Why do cats eat grass? Seven reasons, one of which is correct.

Why do cats eat grass? You will find seven answers on the Internet, one of which is the correct one. People like to speculate about a feline behavior which looks a little odd at first sight but which in fact is quite normal, sensible and important to the health and welfare of your domestic cat.

Picture in public domain modified by PoC.

Domestic cat only occasionally eat grass. And they nearly always select thick bladed, lush grass. This is pertinent to the answer. Indoor cats without access to grass sometimes find a substitute, namely, a houseplant. Many houseplants are poisonous to cats, so cat owners should be really cautious about this [see houseplants which are safe]. Another issue is insecticides on houseplants.

Domestic cats would not eat grass unless there’s a good reason for it and the following reasons have been suggested on the Internet:

  1. Domestic cats eat grass as a laxative helping them to pass obstinate hairballs which refuse to leave their digestive system.
  2. The most common reasons given is that eating grass makes cats vomit and in doing so they vomit up hairballs.
  3. A variation on the vomiting theme is that cats eat grass to vomit to get rid of something toxic which they have ingested earlier.
  4. Another suggestion is that cats eat grass to alleviate the discomfort felt by a sore throat.
  5. A further suggestion is that eating grass helps relieve stomach irritation.
  6. And finally, a six suggestion is that domestic cats eat grass to add roughage to their diet.

The Reason Why Cats Eat Grass

The best reason, the most scientific and logical reason is that given by Dr Desmond Morris. Firstly, he says that the other six reasons don’t really stand up or “fit the facts”.

Domestic cats only eat grass occasionally and in quite small quantities. They do not digest grass but chew it and ingest the juices from largely long, fresh grass stems. Therefore, it would appear that domestic cats are seeking to ingest something that is inside the juice of grass.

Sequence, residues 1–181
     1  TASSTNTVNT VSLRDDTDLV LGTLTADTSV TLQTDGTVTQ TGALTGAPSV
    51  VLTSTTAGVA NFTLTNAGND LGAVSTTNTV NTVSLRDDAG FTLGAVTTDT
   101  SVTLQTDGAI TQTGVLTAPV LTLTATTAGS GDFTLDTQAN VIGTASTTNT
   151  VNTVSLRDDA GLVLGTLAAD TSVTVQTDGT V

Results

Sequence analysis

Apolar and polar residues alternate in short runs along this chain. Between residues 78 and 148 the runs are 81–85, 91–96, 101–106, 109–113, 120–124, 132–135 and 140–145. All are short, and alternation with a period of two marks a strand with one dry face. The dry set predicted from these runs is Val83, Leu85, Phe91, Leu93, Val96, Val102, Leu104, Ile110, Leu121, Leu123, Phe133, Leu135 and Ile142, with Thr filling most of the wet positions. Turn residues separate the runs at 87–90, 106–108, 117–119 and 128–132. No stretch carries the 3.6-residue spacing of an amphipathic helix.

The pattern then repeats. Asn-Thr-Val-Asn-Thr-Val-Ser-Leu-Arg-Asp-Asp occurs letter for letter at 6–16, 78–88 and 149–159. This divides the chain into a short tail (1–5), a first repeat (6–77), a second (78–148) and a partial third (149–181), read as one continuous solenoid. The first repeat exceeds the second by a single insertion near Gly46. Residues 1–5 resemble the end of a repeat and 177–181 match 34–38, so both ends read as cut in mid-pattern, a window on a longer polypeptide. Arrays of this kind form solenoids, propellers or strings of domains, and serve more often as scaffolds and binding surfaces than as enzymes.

Folic Acid

It is known that grasses contain folic acid. Folic acid is a vitamin and it is vital to cats. It plays a role in the production of haemoglobin. Haemoglobin carries oxygen around the blood. This brings me nicely to the snow leopard which is a beautiful wild cat living in the high country of the Himalayas.

Snow Leopard

This glorious animal likes to eat far more vegetation than your average wild or domestic cat. My theory is that the snow leopard eats a relatively high quantity of vegetation to increase the production of haemoglobin which in turn makes the transportation of oxygen in their bloodstream more efficient. This is something that is required in an animal living in the rarefied air of the Himalayas.

Diet

Folic acid is an essential chemical which is apparently missing from pure meat diets and so cats have to supplement their diet with eating grass. I will presume, at this stage that folic acid is incorporated as an ingredient into standard commercially prepared cat food. Accordingly, a cat fed on high quality commercially prepared food will not need to supplement their diet by eating grass.

However, the desire to do so must be inherited from their wild cat ancestor living as it does on a purely meat diet. Although, I have to note that the prey of animals often contains vegetation in their gut and therefore I would have thought that the African wild cat would automatically ingest folic acid. Perhaps domestic cats who seek out folic acid in grass are those that are fed a non-standard commercially manufactured food.

Deficiency in Folic Acid

As an aside, a cat whose diet is deficient in folic acid may become anaemic and its growth will suffer. This may be a problem with indoor cats without access to a garden. Cat owners can provide a tray of grasses as a substitute. These grasses should not be treated with weedkillers or other chemicals because they may be poisonous to cats.

Indoor Cats

The dangers of chemical treatments is the same for indoor/outdoor cats with access to a back yard/garden or communal areas. Often in these places management treat the lawn with chemicals to improve its appearance. These chemicals are likely to be poisonous to cats. Cat owners should be aware of this.

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Michael Broad

Hi, I'm a 71-year-old retired solicitor (attorney in the US). Before qualifying I worked in many jobs including professional photography. I have a girlfriend, Michelle. I love nature, cats and all animals. I am concerned about their welfare.

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